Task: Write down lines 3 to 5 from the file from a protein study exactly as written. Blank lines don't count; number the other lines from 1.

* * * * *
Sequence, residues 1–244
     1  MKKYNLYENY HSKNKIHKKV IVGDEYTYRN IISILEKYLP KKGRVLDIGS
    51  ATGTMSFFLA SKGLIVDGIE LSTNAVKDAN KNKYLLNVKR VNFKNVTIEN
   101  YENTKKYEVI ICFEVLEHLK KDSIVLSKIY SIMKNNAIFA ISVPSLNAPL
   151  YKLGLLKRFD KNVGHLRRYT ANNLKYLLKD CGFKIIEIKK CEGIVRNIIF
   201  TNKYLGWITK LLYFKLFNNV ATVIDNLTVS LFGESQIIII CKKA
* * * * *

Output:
    51  ATGTMSFFLA SKGLIVDGIE LSTNAVKDAN KNKYLLNVKR VNFKNVTIEN
   101  YENTKKYEVI ICFEVLEHLK KDSIVLSKIY SIMKNNAIFA ISVPSLNAPL
   151  YKLGLLKRFD KNVGHLRRYT ANNLKYLLKD CGFKIIEIKK CEGIVRNIIF